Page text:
The Bird’s Eye View
As a whole, the user interface does not disappoint and the game play is facilitated by thoughtfully placed visual cues. These include a crown icon for higher valued cards, a Pax indicator for compatible hands and a label for Bringalong sets. This makes the game user friendly for younger players and those who do not care to spend their time comparing numbers. It also effectively saves time for people who want to squeeze a quick card game in between breaks. The bird cards themselves are well illustrated and being visually accurate, may be interesting to existing bird watchers or younger players who want to learn how to identify avians.
Although Bird Pax is a clever little card game, it is not perfect. For the nitpicky, there are a few small quirks to consider. The music, for one, is the same for all 18 levels of the game. Though it was peppy enough during the first few rounds, the drone of the same tropical tune was boring at best once you reach the final stages. A few variants to choose from would have been a godsend. Speaking of choices, there is also no way to change how the card decks look –a shame, considering that it would have added a little something special to the visuals.
So it has a good strategy system, bright visuals to back it up and a user-friendly interface which makes it perfect for kids and kids at heart. Now where are the factoids? Trivia tidbits about the birds featured in the deck could have given younger players something to learn from. Having entertainment is one thing, but why not throw in some brain food too right?
Lastly, there is a lack of online multiplayer for this first installment of the Pax series. Treat it as a taste test. After all, the replay value of strategy card games rely on the longevity of its challenges. And really, what could be more satisfying than to beat your cousin’s bird of prey with your slew of miniscule tweeters?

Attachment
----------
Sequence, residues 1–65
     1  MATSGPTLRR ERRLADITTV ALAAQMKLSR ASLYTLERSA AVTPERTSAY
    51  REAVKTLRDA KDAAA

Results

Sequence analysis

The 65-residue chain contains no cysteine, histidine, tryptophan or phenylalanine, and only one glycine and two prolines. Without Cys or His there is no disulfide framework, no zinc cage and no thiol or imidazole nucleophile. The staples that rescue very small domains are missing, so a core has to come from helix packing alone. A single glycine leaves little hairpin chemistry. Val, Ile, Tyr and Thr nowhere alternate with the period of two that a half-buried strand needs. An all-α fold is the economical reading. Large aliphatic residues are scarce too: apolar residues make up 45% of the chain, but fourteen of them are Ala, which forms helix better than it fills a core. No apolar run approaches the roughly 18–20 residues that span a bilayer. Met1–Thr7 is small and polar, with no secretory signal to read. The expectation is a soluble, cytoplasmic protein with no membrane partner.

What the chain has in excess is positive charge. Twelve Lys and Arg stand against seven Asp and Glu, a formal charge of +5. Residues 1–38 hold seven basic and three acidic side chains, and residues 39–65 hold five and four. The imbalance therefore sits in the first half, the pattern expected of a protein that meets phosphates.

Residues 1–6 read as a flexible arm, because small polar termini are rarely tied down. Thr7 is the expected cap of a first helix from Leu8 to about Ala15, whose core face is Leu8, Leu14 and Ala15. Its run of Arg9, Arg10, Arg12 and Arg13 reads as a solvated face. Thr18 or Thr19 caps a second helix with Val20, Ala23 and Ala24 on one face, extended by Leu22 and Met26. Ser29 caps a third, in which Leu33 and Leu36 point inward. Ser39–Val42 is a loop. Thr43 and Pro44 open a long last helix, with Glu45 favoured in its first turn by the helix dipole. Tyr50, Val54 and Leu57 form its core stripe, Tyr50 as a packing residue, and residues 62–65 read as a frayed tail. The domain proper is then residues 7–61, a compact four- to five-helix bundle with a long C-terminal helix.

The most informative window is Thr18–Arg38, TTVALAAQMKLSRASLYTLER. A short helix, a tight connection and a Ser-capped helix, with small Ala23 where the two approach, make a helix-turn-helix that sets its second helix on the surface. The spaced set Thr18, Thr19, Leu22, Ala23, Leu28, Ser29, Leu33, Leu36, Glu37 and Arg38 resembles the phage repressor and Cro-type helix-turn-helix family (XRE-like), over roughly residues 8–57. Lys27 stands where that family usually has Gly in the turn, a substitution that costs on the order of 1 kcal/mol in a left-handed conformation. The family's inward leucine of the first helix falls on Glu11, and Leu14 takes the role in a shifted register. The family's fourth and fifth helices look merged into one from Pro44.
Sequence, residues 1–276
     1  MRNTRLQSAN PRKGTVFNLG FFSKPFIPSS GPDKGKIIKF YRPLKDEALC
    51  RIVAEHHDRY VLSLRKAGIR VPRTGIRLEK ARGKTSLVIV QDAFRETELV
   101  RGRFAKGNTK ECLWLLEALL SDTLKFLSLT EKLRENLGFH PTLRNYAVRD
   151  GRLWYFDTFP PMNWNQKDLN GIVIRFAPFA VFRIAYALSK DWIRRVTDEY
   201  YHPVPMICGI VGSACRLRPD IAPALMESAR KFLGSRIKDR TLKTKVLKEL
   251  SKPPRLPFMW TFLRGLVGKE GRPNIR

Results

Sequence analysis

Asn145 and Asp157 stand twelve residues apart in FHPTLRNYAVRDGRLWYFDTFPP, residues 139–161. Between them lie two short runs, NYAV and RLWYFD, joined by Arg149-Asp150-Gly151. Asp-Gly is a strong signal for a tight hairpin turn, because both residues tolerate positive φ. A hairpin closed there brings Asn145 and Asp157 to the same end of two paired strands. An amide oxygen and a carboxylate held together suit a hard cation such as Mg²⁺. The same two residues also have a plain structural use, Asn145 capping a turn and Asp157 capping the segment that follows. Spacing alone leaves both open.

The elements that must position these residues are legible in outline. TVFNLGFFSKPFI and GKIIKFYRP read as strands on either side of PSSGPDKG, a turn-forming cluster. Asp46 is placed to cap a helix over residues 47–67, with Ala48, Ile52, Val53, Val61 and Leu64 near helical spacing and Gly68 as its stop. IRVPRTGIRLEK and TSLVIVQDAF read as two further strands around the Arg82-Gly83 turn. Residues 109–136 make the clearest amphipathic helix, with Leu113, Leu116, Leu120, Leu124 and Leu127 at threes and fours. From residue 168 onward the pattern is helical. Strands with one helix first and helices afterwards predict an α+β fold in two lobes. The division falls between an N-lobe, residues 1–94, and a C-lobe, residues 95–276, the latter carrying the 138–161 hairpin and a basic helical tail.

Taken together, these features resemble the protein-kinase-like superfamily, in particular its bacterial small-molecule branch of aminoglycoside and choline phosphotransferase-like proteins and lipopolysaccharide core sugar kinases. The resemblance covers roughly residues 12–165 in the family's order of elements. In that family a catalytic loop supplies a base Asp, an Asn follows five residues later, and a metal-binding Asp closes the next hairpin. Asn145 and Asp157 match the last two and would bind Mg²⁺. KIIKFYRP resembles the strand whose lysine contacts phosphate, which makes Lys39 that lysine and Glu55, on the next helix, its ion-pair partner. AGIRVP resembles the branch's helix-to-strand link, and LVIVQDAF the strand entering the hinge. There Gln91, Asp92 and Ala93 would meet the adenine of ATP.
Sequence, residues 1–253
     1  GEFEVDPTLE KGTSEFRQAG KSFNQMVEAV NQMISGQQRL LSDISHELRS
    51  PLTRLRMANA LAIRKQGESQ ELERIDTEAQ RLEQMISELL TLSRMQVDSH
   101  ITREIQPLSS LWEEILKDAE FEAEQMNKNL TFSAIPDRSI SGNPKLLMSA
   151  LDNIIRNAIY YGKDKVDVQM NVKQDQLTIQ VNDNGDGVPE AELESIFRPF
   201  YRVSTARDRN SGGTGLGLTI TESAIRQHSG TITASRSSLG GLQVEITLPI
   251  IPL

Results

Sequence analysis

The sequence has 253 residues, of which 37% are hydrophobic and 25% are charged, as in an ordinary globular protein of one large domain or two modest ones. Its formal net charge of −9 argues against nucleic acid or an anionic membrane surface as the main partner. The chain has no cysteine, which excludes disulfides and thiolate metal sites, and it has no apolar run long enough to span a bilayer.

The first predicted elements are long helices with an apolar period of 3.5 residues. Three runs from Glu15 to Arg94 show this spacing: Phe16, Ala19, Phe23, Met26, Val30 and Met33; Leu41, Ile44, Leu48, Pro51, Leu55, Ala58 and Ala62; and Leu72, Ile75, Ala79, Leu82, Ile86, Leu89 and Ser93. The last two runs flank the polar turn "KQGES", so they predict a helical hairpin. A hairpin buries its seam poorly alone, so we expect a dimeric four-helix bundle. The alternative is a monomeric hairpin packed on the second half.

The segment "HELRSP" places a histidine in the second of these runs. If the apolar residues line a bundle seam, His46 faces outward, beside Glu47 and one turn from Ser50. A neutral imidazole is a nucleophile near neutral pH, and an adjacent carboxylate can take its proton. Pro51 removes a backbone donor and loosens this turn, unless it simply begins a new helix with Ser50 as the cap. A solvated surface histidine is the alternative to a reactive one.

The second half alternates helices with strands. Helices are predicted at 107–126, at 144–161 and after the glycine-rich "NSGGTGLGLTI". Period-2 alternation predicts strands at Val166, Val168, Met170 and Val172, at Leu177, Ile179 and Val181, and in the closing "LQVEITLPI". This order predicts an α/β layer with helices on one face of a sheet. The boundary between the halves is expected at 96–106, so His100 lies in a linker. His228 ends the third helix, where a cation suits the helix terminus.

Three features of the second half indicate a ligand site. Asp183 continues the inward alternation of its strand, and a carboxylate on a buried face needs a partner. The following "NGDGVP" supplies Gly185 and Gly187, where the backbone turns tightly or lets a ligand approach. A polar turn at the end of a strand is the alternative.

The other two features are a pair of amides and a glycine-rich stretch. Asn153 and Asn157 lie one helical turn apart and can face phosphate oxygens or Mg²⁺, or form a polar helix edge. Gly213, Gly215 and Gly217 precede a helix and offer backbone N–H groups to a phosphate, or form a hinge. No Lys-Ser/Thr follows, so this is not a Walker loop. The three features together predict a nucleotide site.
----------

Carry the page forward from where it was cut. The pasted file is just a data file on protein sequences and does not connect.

To wrap up, Bird Pax features clever bite-sized game play that is a must-play for anyone who has ever loved card games. It has nice visuals that add some pizzazz to the package and is user-friendly, making it an ideal choice for young, casual players as well. The game can be beaten in just under a couple of hours and is pretty straightforward –appealing if you want a relaxing game. Though there are a few nuts and bolts that can be tweaked to make it perfect, whatever is already implemented is enough to satisfy your card battle cravings.
Considering the education value of the game, and the way it gets players to polish up on their reflexes and logic skills, one could say that this is a cleverly disguised educational tool. At the same time, the gameplay features themselves provide players with a satisfyingly fun game to play. Despite the limitations of the computer AI, successfully winning a match is a great way to top off an afternoon of gaming. For a simple card game, Bird Pax has managed to surpass expectations on various levels. We give this game a missing dodo’s 91/100.